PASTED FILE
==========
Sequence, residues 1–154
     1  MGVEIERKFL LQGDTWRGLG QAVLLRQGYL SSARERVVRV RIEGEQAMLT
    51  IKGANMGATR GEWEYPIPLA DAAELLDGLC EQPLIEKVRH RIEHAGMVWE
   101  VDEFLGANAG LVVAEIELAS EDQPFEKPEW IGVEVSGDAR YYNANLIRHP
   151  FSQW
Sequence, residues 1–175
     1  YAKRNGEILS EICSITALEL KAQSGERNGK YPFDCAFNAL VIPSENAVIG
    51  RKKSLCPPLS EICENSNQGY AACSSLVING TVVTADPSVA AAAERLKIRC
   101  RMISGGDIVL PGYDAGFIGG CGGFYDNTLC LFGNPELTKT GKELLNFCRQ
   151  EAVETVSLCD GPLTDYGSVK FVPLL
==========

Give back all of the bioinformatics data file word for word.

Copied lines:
Sequence, residues 1–154
     1  MGVEIERKFL LQGDTWRGLG QAVLLRQGYL SSARERVVRV RIEGEQAMLT
    51  IKGANMGATR GEWEYPIPLA DAAELLDGLC EQPLIEKVRH RIEHAGMVWE
   101  VDEFLGANAG LVVAEIELAS EDQPFEKPEW IGVEVSGDAR YYNANLIRHP
   151  FSQW
Sequence, residues 1–175
     1  YAKRNGEILS EICSITALEL KAQSGERNGK YPFDCAFNAL VIPSENAVIG
    51  RKKSLCPPLS EICENSNQGY AACSSLVING TVVTADPSVA AAAERLKIRC
   101  RMISGGDIVL PGYDAGFIGG CGGFYDNTLC LFGNPELTKT GKELLNFCRQ
   151  EAVETVSLCD GPLTDYGSVK FVPLL